Ottawa Senators defenceman Travis Hamonic sees the positives

“It’s a long season. There are always a lot of ups and downs. You’d be hard pressed to find any player or team that doesn’t go through the same thing.”

Article content

Focus on the good, learn from the bad; that’s the way Travis Hamonic looks at it.

Advertisement 2

Article content

It’s not like feeling the sting of missing the NHL playoffs is something new to the 33-year-old Ottawa Senators defenceman, but he’s also competed in 22 post-season games.

Article content

When you’ve been around the league long enough, chances are pretty good you’re going to experience plenty of bad to go with the good.

Hamonic, who’s been in the NHL since the 2010-11 season, says while this has been a disappointing season, there are positives to build on, things he hopes foretell a brighter future for a team that hasn’t been in the post-season since 2017.

“You want to compete, you want to win,” said Hamonic Friday, a day before the Senators played a road game in New Jersey. “You want to be higher up in the standings. We’re not where we where we want to be.

Advertisement 3

Article content

“When you’ve been around a long time, you’ve seen a lot. I’ve seen both sides of it. I’ve been on teams where there the season doesn’t meet expectations. And, I’ve been on teams that exceeded expectations, finished high in the standings, then you get bounced early in the playoffs.

“It’s a long season. There are always a lot of ups and downs. You’d be hard pressed to find any player or team that doesn’t go through the same thing. It’s about trying to manage that throughout the season. It’s a marathon, not a sprint. And that comes back to, we’re not where we want to be right now.”

Going into Saturday’s game against the Devils, the Senators had 60 points, just two back of Montreal, but also just two ahead of Columbus, which sits dead last (16th) in the Eastern Conference. It’s been that kind of season.

Advertisement 4

Article content

Even if Ottawa was to win each of its remaining games — and think of the odds against that happening — it’s unthinkable the team would get into the playoffs.

Yeah, so the Senators’ season will be finished April 16 with a game in Boston.

Hamonic says the younger core of the Senators is still very much learning on the job. Going through adversity is part of it.

“When you’re in any profession — a teacher, doctor or whatever — when you’re cutting your teeth, you’re learning your way along. You get a doctor who has been around for 20-something years, a teacher that’s been around for a long time, as you progress in your career, there’s not much you haven’t seen or experienced. (In hockey), you start to see more, experience more in the game. We’ve got some great talent in here. We want to use his last 15 games to build positively as a group, and, as individuals. When that happens, it’ll pull the group together.”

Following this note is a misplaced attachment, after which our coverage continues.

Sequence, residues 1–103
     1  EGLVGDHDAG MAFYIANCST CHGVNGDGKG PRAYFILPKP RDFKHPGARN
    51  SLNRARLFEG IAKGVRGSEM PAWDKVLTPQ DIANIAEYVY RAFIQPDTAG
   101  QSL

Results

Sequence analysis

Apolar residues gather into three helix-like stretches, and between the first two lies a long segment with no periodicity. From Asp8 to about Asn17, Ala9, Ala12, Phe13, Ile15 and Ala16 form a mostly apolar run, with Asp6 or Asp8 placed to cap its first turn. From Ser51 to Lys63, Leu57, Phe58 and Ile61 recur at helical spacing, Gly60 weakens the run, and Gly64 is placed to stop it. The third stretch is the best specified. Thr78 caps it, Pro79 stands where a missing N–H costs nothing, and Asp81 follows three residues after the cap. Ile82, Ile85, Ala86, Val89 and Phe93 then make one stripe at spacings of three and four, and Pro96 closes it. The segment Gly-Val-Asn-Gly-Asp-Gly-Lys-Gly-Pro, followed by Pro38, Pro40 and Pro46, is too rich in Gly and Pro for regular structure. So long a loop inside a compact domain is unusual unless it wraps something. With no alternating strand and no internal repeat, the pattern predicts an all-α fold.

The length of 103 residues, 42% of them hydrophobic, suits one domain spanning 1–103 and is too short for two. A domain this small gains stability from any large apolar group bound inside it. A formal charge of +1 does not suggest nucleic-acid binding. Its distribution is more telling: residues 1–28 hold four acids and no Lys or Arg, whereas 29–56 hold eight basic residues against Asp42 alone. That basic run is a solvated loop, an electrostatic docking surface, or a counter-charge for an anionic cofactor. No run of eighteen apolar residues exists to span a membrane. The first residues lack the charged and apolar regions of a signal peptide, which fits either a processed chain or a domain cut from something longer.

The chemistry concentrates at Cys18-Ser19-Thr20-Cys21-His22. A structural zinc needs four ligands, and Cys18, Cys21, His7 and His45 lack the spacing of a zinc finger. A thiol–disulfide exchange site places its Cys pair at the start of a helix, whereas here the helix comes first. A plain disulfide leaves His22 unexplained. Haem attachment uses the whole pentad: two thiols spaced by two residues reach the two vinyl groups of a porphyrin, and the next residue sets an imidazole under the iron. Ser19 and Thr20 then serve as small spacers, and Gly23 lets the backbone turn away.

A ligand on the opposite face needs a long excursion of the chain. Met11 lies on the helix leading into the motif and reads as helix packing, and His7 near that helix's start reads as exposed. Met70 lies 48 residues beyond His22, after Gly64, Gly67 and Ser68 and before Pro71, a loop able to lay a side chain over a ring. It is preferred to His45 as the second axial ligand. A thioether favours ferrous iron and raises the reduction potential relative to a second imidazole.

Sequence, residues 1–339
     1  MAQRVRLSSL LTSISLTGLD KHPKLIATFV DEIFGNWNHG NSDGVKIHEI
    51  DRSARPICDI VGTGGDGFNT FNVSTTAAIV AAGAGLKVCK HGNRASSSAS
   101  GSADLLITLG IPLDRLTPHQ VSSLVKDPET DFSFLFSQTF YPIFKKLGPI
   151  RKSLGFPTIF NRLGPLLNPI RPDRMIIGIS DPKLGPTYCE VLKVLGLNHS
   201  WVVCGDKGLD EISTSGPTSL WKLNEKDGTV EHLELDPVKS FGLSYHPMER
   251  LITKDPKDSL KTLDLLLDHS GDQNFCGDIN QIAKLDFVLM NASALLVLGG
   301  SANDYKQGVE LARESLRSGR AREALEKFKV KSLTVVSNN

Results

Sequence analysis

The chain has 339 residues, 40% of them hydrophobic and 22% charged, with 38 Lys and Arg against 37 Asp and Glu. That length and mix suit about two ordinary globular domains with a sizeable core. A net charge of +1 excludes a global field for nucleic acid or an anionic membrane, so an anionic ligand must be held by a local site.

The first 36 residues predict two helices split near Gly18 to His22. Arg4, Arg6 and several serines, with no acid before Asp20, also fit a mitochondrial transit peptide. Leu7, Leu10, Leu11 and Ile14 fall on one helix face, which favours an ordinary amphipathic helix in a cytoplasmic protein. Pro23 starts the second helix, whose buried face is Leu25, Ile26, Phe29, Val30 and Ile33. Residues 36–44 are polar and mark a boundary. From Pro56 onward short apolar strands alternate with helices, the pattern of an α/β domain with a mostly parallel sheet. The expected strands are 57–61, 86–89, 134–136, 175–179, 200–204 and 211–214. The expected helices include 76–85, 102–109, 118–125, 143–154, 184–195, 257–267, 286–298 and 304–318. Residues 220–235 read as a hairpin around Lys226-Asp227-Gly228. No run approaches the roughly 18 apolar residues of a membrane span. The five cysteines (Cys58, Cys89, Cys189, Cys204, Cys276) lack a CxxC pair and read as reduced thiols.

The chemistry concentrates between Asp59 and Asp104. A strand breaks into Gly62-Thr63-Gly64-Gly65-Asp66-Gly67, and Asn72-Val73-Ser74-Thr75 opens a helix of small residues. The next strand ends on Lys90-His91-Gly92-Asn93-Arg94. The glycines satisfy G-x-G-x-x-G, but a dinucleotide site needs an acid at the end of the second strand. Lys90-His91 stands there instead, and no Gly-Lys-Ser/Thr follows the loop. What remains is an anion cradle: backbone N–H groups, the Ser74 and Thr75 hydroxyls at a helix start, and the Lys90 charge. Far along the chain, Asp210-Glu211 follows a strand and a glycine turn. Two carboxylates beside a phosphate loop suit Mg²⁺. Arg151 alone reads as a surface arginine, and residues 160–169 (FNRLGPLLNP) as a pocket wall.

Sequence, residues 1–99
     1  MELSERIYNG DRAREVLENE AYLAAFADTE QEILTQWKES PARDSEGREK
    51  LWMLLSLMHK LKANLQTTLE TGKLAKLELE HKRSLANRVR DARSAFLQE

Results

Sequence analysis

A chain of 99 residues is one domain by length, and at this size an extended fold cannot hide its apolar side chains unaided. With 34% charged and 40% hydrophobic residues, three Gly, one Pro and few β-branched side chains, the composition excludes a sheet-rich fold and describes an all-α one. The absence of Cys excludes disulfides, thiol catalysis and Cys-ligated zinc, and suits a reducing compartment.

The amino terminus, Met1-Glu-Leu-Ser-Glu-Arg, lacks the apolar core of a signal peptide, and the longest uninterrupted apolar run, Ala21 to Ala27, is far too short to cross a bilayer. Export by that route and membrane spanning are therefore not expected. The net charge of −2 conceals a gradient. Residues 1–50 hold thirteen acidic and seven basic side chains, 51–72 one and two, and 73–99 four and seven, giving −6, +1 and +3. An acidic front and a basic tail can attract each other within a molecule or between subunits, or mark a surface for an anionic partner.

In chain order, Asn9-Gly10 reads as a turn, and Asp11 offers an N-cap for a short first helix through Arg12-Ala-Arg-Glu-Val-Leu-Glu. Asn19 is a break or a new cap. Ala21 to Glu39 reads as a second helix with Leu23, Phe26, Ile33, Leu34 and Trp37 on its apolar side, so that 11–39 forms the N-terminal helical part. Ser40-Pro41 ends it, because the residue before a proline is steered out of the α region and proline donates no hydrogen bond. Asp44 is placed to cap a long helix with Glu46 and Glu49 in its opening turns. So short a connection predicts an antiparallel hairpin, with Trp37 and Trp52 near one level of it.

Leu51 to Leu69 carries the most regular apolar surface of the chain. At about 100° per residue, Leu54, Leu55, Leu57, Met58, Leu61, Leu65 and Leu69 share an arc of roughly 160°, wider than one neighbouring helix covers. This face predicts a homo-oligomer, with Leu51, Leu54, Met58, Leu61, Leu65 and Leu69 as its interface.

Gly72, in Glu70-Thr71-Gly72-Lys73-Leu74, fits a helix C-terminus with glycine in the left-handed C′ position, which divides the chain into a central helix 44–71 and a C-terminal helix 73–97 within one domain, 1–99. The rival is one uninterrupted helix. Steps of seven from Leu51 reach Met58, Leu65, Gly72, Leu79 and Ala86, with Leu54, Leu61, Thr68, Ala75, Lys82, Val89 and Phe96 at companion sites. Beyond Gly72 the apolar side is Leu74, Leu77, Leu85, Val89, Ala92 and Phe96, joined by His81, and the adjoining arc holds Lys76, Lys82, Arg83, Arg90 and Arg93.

Advertisement 5

Article content

This team has shown flashes of how competent it can be. But, then we see flashes of how far away being competitive nightly really is. Keeping the puck out of the net has been an issue all season. With 244 goals allowed heading into Saturday, just four teams — Chicago, Anaheim, Columbus and San Jose — had allowed more. All of those teams are below Ottawa in the standings.

It’s not all on the goaltenders. Boxing opponents out, not allowing them to get traction around the Senators’ net, is tied into the horrible goals-against average. Game after game, the opposition is banging rebounds into Ottawa’s net.

But, Hamonic says, it comes back to learning on the job and finding ways to get better.

“The thing with experience is the only way to get it is to go through it. (It’s not just hockey). Plenty of people apply for jobs and (the employer says) you don’t have enough experience. What comes first, the experience or the job? You play the cards you’re dealt.

Advertisement 6

Article content

“We’re not where we want to get to. But you have to look at positives you can build off. We are where we are, how do we try to use that to continue building as players and as an organization. The sun came up this morning; that’s just my outlook. You always have to try to find something positive you can keep working toward.”

So, how does this team take the next step?

“The season is eight months — September until April — plus playoffs,” said Hamonic. “A lot can happen. The teams that can maintain it the best or the longest and have some things go their way are the ones that are standing at the end. If it was easy, everybody would be able to do it. It’s about learning. Look at a lot of the teams that have won; it took them years to break through and get that experience. You look at our core of players and the young talent in this room, there’s some great talent. That’s what you want to build a team around.

“You can’t look at the big picture, you can’t be looking 30 games ahead. You have to stay focused on the next game, next shift, next practice. You have to hope, as that prolongs, you’re able to put it all together.”

For exhausted and frustrated Senators fans, that’s can’t come soon enough.

Recommended from Editorial

Article content